One of the common questions I get, is what happens when a former spouse gets remarried to a new partner? In particular, do the first spouse’s support obligations continue, even though his or her former spouse has remarried to someone else?

Of course there is no set answer that applies to every case, but this was among the questions for the court in a case called J. (L.) v. J. (P.), 2014 ONSC 7241. The facts were convoluted and the litigation was acrimonious to say the least; the court set the overall tenor of the judgment in this way:

To trace, in detail, the long and litigious history of this proceeding would only serve to make the reader become depressed and cause the parties to feel a great deal of regret. I will spare the reader and the parties those feelings. …

The basic elements were these: The couple started lived together in 1997, married in 2000, and split up seven years later. After a brief reconciliation, they separated for a final time in 2011. The husband was temporarily ordered pay the wife $2,000 in monthly spousal support, all of which was based on an income of $60,000. This temporary order stayed in place for 7 years, and a final order was granted by the court in 2014.

Meanwhile the wife remarried in 2011. At that point the husband brought a motion to terminate spousal support altogether. (Incidentally, he also applied at the same time to reduce his child support obligations, and to have almost $75,000 in arrears of basic child support rescinded).

In considering his submissions, the court pointed out that under Canadian law the objects of spousal support include: 1) recognizing the economic advantages/disadvantages to spouses arising from the marriage and its breakdown; 2) relieving the economic hardship of the marriage breakdown; and 3) promoting former spouses’ economic self-sufficiency. Further, support is awarded by courts either to address the recipient spouse’s need, or because there is a desire to compensate him or her (usually for giving up educational or employment opportunities to care for the children, etc, which often enhances the earning potential of the other spouse as well).

The court pointed out that when one spouse remarries, spousal support is not automatically terminated; it may however be reduced, especially where the recipient spouse’s support entitlement is based on need, rather than having a compensatory goal.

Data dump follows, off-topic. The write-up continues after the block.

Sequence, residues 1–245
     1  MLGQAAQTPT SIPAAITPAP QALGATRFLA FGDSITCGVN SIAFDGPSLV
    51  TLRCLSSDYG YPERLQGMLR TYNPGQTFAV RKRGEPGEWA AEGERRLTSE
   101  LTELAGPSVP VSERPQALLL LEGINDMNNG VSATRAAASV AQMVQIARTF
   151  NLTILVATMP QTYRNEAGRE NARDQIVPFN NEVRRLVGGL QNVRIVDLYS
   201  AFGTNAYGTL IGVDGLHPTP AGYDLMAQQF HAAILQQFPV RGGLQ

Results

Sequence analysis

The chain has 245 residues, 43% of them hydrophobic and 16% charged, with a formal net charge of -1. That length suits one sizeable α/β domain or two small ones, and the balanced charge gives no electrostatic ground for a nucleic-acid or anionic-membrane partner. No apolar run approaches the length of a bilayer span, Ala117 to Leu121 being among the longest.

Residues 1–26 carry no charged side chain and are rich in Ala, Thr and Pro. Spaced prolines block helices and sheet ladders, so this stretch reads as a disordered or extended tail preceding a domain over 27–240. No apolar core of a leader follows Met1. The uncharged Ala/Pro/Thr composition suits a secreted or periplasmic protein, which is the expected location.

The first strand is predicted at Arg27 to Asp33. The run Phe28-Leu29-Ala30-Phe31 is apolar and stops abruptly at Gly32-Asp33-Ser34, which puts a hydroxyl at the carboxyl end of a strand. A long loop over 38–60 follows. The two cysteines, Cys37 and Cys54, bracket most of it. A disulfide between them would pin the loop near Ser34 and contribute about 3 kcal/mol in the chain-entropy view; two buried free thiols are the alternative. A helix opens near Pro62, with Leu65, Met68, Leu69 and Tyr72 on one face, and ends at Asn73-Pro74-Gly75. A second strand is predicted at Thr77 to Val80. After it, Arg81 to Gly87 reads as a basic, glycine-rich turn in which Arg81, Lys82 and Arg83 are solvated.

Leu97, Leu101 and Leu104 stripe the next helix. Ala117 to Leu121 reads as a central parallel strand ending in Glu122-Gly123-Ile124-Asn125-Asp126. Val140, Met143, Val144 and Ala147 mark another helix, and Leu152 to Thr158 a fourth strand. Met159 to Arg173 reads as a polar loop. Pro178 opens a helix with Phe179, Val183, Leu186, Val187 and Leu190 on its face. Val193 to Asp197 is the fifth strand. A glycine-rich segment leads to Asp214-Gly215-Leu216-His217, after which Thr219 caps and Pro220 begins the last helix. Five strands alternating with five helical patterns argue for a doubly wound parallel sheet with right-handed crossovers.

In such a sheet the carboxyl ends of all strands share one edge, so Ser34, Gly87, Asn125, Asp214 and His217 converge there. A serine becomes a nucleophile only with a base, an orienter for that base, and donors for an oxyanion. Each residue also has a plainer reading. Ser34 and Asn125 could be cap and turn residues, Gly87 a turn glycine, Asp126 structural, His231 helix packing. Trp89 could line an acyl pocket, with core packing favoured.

In this case, the court was not satisfied that the wife was being paid support on a compensatory basis; instead, she was being paid based on need arising from the marriage and its breakdown. This being the case, her decision to re-marry (and the corollary financial benefits that might accrue) were relevant in determining whether and to what extent the first husband’s support obligations to her should continue.

In this case, the $1,000 per month the wife was currently receiving was simply too high. In an effort to be fair to both parties in light of all the circumstances (including the wife’s remarriage), the court cut that support obligation in half, despite not having complete information as to the financial circumstances or income of the wife’s new husband.

As the court explained:

At the same time, [the husband’s lawyer] is correct that the remarriage or re-partnering of the recipient spouse does affect spousal support. The submissions of [the wife’s lawyer] that the Court ought to ignore the income of [the wife] L.J.’s current husband are, with respect, wrong in law. Re-partnering does not automatically mean that spousal support is terminated, but it often means that the amount will be reduced, especially if the entitlement is based on need rather than compensation.

That is another reason why I have reduced by fifty per cent the quantum of monthly spousal support that was sought by the wife.

The court reduced the spousal support award to $500 per month, and in recognition of various other circumstances, also rescinded the child support arrears and made other adjustments to the parties’ financial obligations to each other.

As an aside, however, the court ended its judgment with this plaintive observation:

I would urge the parties to think about how much more of their lives they want to spend in litigation. It is hard to imagine, but these parents have been fighting in the Court for three-quarters of the life of their youngest child. That is very sad.

For the full text of the decision, see:

L.J. v. P.J., 2014 ONSC 7241

At Russell Alexander, Family Lawyers our focus is exclusively family law, offering pre-separation legal advice and assisting clients with family related issues including: custody and access, separation agreements, child and spousal support, division of family property, paternity disputes, and enforcement of court orders. For more information, visit us at www.RussellAlexander.com.

Battle of the Ex-Spouses – Who Gets the $2.4 “Prize”?

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Battle of the Ex-Spouses – Who Gets the $2.4 “Prize”?